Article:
|22nd of March 2010 (Mon)||#1|
Join Date: Mar 2007
Location: West Covina, CA
Let me start by saying that I am serious about photography. I dont want to get mixed up with the crowd of casual photog's that are trying to steal business away from professionals. I'm taking a professional approach to everything I'm doing... being sure not to step on anyone's toes or promote myself as something I am not!
So I have been getting several hits from clients that cant really afford a photographer for things like large family reunions, sweet sixteens, and weddings. Most of the clients are friends of family and extended family. I want to earn the business more then anything... the experience is the most important thing for me, but I dont want to give away my services either.
I have a party that would like me to cover a sweet sixteen. The client has admitted that they have a very modest budget but a rather high set of expectations.
I am curious how the "fees" are typically broken down. Not so much the amounts but the schedual.
What is included in a day rate? What do you charge for the resulting photo's? How many pictures do you take vs. sell? Does the price included editing? What rights do you give the client for the digital copies?
I'm thinking $500-600 a day is a fair amount based on my particular level of experience but am confused as to what SHOULD be included in this price.
5DMKIII ll 35L ll 70-200L II ll 2x TC ll 1.4x TC ll 580EXII
Last edited by duckiller01 : 22nd of March 2010 (Mon) at 10:45.
|22nd of March 2010 (Mon)||#2|
Join Date: Feb 2008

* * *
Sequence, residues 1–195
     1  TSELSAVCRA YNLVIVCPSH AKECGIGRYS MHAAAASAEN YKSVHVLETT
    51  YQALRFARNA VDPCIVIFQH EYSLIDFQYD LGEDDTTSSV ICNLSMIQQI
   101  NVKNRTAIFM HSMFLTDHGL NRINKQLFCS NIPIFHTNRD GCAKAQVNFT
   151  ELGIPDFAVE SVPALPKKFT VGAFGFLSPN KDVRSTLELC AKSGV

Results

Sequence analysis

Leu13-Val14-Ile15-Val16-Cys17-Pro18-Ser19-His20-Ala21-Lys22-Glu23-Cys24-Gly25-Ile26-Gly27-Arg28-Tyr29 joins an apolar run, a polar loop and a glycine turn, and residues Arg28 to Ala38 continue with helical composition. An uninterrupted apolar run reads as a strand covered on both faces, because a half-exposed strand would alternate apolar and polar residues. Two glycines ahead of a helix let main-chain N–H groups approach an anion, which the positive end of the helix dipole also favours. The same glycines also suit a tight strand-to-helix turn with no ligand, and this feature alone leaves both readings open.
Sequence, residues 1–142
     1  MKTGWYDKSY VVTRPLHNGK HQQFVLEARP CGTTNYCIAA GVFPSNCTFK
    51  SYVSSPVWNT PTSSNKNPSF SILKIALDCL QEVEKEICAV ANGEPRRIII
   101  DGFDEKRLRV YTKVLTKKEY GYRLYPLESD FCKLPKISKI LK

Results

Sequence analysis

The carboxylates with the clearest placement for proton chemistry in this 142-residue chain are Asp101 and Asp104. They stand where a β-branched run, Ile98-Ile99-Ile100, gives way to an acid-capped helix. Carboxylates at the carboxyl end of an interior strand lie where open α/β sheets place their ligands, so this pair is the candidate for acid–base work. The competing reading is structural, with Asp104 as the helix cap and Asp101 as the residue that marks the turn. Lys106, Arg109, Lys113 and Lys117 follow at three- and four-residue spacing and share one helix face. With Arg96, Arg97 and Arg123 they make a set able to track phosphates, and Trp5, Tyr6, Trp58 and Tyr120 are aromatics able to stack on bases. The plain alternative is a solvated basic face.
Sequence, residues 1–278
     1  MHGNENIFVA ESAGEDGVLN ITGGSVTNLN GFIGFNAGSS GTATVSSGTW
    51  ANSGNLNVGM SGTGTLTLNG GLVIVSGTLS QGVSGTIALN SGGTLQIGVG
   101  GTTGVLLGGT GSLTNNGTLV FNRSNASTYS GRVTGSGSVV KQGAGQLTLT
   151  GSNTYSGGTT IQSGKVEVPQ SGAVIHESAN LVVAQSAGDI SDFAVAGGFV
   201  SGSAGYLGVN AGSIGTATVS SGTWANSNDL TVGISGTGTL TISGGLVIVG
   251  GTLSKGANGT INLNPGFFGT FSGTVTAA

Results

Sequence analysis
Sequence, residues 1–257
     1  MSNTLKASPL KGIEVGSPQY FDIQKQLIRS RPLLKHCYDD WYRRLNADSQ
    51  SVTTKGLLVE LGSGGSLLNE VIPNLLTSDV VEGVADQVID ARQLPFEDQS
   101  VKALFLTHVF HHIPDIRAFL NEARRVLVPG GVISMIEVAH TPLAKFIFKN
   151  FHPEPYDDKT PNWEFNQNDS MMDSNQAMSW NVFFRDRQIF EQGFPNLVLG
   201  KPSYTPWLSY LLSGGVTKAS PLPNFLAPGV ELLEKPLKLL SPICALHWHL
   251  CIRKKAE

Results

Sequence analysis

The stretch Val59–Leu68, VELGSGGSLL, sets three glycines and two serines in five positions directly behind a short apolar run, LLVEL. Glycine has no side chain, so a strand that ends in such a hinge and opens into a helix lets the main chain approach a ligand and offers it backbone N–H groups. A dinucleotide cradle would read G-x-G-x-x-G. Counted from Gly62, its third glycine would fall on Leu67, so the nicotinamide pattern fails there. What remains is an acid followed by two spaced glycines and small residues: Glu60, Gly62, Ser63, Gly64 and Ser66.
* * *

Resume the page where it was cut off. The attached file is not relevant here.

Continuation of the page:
Location: Middletown, DE
Re: What's Included?
There are few "right answers" to the very general questions you've answered.
A "day rate" can include whatever you want it to include.
You can build in costs for editing. You can exclude editing when you quote your rate.
You can charge whatever you like for image files or prints. You don't even have to cover your costs, if you don't want to.
You can take a hundred photos, or a thousand. Are you documenting the event? Does the client want you to create more posed-looking photos? A combination of both?
What's the downside of giving the client full rights to the images? Do you expect they'll be willing to come to you for prints after the event?
If I were you, I would probably start by determining what my time is worth. Let's say you figure it's worth $30/hour, just for argument's sake. Now let's assume your event will be four hours, and you're going to give them proofs only (digital or otherwise). Certainly it will take you some time to do post-processing. If you're not terribly experienced, it might take you an hour of PP work for each hour you spent at the event, so now you're at eight hours of your time invested. 8 x $30 = $240.
Now let's say the client would like the full-resolution images on CD. You have to decide what that's worth to you. IMO, I think you could probably charge the client $500-600 total, and include the CD with copyright release.
If the client's budget is smaller than $500, you could always shoot everything as JPG's, burn the files to a disc, and call it a day. You might even be able to just hand over a memory card at the end of the event. Not the way I'd want to do it, but maybe you feel differently.
5DM2 | 7D | 600/4.0 IS | 50/1.4 | 24-70/2.8 | 70-200/2.8 | 580EXII (x2) | Quantum Qflash | Sekonic L-358 | Photogenic monolights | Tamrac bags | Bogen/Manfrotto supports
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